My daughter is 27, she has been suffering from headaches for a year. We have all tests regarding the brain and nothing has shown up. We just had an echocardiogram and it showed mild PFO. Does the PFO cause the migraines and what should we do to control the headaches. She has these headaches every day
I have a PFO (patent Foreamen Ovale) and I am not sure how big it is, I was told right before I went into surgery for my foot that I have it.
My 4 year old son has had it since the day he was born he was a little large not bad they stitch part of it shut but left a VERY VERY tiny part open. neither one of us have headaches (he doesn't complain about them)
now this is something. I just googled this next part. I typed in for the heck of it PFO and headaches and here is what I found
Does the percutaneous closure of patent foramen ovale help the migraine sufferer?
Pranathi Kondapaneni, MD MPH
What is a migraine? A migraine is a chronic episodic headache condition associated with other symptoms such as nausea/vomiting and sound/light sensitivity. Migraines can be classified into two types: with aura and without aura. An aura is a neurological warning symptom that precedes the headache. More information about migraine headache can be found on the next page.
What is a patent foramen ovale (PFO)? The heart’s right side receives blood that does not contain much oxygen and pumps the blood into the lungs to get oxygen. Then the blood goes through the heart’s left side to get to the brain and other organs of the body. A patent foramen ovale (PFO) is a persistent hole in the heart’s right/left wall boundary that did not close after birth. This opening can cause blood in the right side of the heart to move into the left side of the heart before it has had a chance to get oxygen from the lungs. When this happens, the rest of the body does not get as much oxygen as it should. It is possible that blood clots can pass through this hole and lead to stroke.
How is a PFO related to migraine? Research has shown that patients who have a PFO also have migraine more often than people without a PFO. Why might this be? It is possible that blood without enough oxygen may trigger a migraine when it reaches the brain. In this issue of Neurology,two groups of researchers from Belgium and Switzerland studied whether percutaneous closure (closing the PFO by a technique that does not require a major surgical procedure) would lead to fewer migraines.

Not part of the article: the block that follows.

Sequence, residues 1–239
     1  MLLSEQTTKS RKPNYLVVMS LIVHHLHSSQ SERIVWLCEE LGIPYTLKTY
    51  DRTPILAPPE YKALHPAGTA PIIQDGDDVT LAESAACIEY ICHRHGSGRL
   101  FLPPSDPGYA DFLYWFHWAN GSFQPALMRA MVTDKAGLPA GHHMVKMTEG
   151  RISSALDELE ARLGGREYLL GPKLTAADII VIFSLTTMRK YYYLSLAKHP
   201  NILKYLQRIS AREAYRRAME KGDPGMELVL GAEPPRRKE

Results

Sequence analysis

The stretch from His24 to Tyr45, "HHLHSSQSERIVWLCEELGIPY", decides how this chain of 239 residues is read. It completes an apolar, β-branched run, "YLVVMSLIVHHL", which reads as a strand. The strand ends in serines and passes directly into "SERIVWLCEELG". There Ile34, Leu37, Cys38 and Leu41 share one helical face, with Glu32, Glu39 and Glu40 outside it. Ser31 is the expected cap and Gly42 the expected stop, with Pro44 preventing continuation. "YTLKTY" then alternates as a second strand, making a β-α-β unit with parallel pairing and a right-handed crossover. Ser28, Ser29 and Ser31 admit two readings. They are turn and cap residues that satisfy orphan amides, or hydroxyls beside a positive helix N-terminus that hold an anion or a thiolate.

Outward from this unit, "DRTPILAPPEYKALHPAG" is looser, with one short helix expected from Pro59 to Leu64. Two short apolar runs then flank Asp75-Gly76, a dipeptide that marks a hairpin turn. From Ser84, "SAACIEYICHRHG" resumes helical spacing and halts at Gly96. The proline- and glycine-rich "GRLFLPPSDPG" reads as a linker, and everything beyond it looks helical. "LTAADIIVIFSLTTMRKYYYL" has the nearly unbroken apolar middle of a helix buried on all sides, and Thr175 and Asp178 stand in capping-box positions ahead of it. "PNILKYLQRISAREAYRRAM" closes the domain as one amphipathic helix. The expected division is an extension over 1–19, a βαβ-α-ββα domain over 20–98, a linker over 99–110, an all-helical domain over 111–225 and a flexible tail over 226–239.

The Belgian group gave a questionnaire about migraines to people after they had the PFO closure.1 The Swiss group gave a questionnaire assessing the headache frequency and characteristics for the year before and after the PFO closure.2 There was no appreciable affect on the non-migraine headache patients. In both studies, the PFO closure was done because doctors suspected that a blood clot passing through the PFO might have caused a stroke. The frequency of migraine was decreased in both studies after PFO closure. Only the Swiss study evaluated both migraine and non-migraine headaches. More information about the effectiveness of PFO closure and headaches from these two studies can be found in the table.
What do these studies mean? These studies add to the growing body of evidence that there is an association between a PFO and migraine. First, the number of people who had migraine with aura in both studies was higher than in the general population. Second, PFO closure was associated with reduction of migraine symptoms in patients having migraine both with and without aura. Third, in the second study, non-migraine headaches were not affected by PFO closure.
These studies are important in that they hold a clue to a potentially correctable trigger of migraine. However, they do not support PFO closure as a treatment for migraine because of two major limitations: (1) the studies were retrospective (they asked patients for information about their headaches that occurred in the past); and (2) they studied only stroke patients. To get better results, a study is needed that evaluates otherwise healthy migraine patients and collects information in real time (prospectively).
Currently, the treatment standard for migraine includes medications and lifestyle modification. However, more research may help uncover some of the mechanisms behind the migraine and yield future remedies.
What is a migraine headache? A migraine is a recurring, throbbing headache. It usually occurs on one side of the head. While it is much more common in young women, it can strike anyone, at any age. It often runs in families.
What causes migraine? The exact cause of migraine is unknown. During an attack, changes in brain activity may cause blood vessels and nerves around the brain to become inflamed. Many women have attacks linked to their menstrual cycles.
What are the symptoms of migraine headache? People with migraines may have very different symptoms, which can include:
* Moderate to severe headache that lasts 4 to 72 hours
* Throbbing pain, often on one side of the head
* Increased pain after exercise or movement
* Sensitivity to bright light, sound, or odors
* Nausea or vomiting with the headache